1. C. Assess the symptomatic quadrant last.

Rationale: The ideal position for abdominal examination is to sit or knee on the client’s right side with the hand and forearm in the same horizontal plane as the client’s abdomen. The nurse should start with superficial or light palpation from the area furthest from the point of maximal pain and move systematically through the four quadrants of the abdomen. Otherwise, the nurse may elicit pain in the symptomatic area, causing the muscles in other areas to tighten. If no pain is present, any starting point can be chosen (Mealie et al., 2022).

  1. A. Verbalizations of pain

Rationale: The best source of information about the client is the client themselves. Subjective data are information obtained directly from the client or symptoms the client feels, such as verbalizations of pain. Objective data are observable and may appear to contradict what the client says, but it does not mean that the subjective data is wrong. The nurse gathers objective nursing data from measurable sources including laboratory or diagnostic test results and vital signs. Other assessment procedures like ECG are also considered objective data (Faubion, 2023).

  1. B. Demonstrate the procedure and let the client perform a re-demonstration.

Rationale: Client education needs to be comprehensive and easily understood. Use return demonstration when administering care, involving the client from the first treatment procedure until discharge. This ensures that the client knows how to correctly perform the procedures and allows the nurse to correct any misconceptions and wrongdoings. An interpreter will ensure that the client understands the instructions on a language level, but it does not guarantee that the client will understand and retain the information in depth. Often, clients will nod “yes” or say that they comprehend what is taught even if they have not really heard or understood, therefore, asking the client frequently is not effective. Providing written instructions is good for retaining information, but it will not ensure that the client understands the rationale behind the procedure or how to perform the procedure accurately (Wolters Kluwer, 2017).

  1. A. The client’s cognitive abilities

Rationale: The adherence rate for medications in a study was significantly lower among males who were illiterate. It was also found that older adults who suffer from cognitive impairments have a lower adherence rate compared to their younger counterparts. A client’s cognitive ability affects medication administration because a higher cognitive capacity enables the client to pay more attention to their medications and their effects, thus increasing adherence. Clients with higher cognitive capabilities are generally more capable of receiving and handling knowledge. The client’s socioeconomic status, occupational hazards, and response to recovery do not affect medication administration as much as their cognitive abilities (Song et al., 2020).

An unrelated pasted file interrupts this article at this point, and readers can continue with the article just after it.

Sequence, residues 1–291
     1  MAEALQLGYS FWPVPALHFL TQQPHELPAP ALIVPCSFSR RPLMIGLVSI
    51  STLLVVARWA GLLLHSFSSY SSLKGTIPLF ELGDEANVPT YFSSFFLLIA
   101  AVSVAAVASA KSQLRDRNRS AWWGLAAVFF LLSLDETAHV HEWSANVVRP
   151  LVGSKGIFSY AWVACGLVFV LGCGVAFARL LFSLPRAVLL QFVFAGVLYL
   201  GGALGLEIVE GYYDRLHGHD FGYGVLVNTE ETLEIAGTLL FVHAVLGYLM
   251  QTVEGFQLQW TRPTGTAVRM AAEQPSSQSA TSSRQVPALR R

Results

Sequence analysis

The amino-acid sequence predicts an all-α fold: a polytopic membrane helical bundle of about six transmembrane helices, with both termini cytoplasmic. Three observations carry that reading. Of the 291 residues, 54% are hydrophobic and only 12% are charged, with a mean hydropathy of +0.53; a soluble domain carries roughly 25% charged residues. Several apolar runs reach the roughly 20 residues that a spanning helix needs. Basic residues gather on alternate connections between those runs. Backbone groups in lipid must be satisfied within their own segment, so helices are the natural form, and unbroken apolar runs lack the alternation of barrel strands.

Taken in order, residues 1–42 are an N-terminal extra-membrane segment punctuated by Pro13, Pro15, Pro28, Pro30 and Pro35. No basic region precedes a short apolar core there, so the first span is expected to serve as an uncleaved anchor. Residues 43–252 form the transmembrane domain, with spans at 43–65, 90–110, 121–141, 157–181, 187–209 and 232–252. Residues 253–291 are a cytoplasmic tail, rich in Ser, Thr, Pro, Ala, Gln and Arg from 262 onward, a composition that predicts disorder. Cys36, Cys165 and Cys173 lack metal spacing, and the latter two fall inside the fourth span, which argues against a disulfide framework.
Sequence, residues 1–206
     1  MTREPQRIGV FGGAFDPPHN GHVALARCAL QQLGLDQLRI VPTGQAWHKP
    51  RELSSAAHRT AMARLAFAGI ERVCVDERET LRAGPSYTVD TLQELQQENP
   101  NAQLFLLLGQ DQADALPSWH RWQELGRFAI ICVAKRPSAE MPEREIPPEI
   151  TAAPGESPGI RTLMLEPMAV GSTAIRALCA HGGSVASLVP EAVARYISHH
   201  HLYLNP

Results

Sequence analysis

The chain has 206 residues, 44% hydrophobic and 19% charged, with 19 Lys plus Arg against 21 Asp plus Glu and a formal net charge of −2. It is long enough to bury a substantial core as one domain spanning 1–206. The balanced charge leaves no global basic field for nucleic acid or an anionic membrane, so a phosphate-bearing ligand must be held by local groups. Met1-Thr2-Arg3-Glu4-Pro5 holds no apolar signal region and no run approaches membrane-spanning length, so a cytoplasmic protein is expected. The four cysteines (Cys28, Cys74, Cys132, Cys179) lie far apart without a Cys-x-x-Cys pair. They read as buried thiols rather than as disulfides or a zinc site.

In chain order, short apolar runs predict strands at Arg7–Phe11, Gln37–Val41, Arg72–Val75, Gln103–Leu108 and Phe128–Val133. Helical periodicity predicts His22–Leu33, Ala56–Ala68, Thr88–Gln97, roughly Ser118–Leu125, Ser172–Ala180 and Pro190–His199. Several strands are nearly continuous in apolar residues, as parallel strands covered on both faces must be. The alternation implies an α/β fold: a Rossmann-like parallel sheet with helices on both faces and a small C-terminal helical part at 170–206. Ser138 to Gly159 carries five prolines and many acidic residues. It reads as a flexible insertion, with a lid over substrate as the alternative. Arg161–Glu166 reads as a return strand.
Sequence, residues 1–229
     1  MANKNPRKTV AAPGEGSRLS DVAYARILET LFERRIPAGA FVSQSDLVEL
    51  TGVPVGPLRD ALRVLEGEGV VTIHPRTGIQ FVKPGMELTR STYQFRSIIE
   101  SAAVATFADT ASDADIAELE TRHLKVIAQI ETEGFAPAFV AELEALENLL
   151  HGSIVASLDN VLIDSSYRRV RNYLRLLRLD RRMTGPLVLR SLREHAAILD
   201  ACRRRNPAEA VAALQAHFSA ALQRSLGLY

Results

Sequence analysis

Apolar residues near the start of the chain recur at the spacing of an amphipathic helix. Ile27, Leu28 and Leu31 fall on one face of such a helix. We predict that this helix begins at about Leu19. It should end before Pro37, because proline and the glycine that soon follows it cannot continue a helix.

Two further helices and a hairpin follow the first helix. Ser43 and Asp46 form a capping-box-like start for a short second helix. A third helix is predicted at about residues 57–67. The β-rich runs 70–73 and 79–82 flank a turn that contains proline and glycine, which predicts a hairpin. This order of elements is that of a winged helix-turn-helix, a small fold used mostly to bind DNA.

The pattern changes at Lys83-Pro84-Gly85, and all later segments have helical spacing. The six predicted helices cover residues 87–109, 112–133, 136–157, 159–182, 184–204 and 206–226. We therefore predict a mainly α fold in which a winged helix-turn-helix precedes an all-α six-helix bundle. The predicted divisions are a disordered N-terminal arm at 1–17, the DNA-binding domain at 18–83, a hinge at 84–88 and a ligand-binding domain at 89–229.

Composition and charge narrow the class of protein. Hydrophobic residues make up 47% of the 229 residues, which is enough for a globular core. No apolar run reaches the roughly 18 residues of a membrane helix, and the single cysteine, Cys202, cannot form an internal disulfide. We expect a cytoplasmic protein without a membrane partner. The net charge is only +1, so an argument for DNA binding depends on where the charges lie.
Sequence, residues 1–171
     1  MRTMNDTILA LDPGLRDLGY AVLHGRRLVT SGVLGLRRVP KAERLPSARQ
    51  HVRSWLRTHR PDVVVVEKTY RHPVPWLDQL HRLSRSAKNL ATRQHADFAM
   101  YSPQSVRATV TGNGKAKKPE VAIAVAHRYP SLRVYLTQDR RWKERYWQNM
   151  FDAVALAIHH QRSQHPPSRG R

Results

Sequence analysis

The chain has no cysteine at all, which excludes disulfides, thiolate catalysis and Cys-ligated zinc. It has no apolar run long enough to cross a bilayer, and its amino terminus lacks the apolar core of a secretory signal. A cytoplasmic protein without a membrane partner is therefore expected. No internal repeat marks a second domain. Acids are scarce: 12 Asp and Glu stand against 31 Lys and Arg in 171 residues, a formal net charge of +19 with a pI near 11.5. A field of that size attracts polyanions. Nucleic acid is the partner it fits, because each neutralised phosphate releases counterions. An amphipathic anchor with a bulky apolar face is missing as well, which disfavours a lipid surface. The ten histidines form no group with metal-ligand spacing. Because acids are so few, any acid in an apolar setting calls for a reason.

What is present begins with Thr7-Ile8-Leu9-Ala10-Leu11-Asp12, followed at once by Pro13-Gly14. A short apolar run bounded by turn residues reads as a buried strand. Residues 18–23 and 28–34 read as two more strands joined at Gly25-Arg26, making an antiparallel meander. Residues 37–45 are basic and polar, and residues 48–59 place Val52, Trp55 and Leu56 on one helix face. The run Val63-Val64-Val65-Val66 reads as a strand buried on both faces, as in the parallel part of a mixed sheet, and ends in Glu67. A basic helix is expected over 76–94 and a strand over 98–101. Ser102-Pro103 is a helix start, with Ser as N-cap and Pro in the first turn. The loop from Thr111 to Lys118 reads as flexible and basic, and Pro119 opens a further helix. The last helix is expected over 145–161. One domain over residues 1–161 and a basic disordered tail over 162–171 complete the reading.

1. B. Restlessness

Rationale: An immediate, inadequate compensatory response to shock will result in dizziness, altered mental status, restlessness, or loss of consciousness. The central nervous system’s response to ischemia further stimulates the sympathetic nervous system after arterial pressure falls below 50 mm Hg. Subsequent compensatory mechanisms that work to restore blood volume to a normal level include the release of angiotensin and antidiuretic hormone, therefore decreasing the urine output and increasing blood pressure and heart rate (“Vital Signs Measurement,” 2018).

  1. C. Carotid

Rationale: The initial assessment is designed to help emergency medical responders to detect all immediate threats to life. If the client is not breathing, the pulse that should be checked is the carotid pulse. If the client is breathing, the nurse may check the radial pulse. If the carotid pulse is present but the radial pulse is absent, this may indicate shock (U.S. Department of Health and Human Services, 2022).

  1. D. Administering a BCG vaccine to a newborn.

Rationale: Primary prevention refers to the steps taken by an individual to prevent the onset of a disease. Secondary prevention focuses on reducing the impact of the disease by early diagnosis prior to any critical and permanent damage. Administering a BCG vaccine to a newborn is an example of primary prevention because its purpose is to prevent the development of childhood tuberculosis (Karunathilake & Ganegoda, 2018).

  1. B. Inspects the client’s abdomen first.

Rationale: The abdominal examination is performed with the client lying supine. It is important to begin with the general examination or inspection of the abdomen to identify the presence of any signs that may indicate specific disorders. Next, the nurse should auscultate the client’s abdomen using a stethoscope. Percussion is performed next by lightly percussing all four quadrants of the abdomen. Lastly, palpation is performed gently using the palmar aspect of the fingers and palpating clockwise. Changing the order of these assessment techniques could alter the frequency of bowel sounds and make the assessment findings less accurate (Mehta, 2010).

  1. A. Nursing diagnosis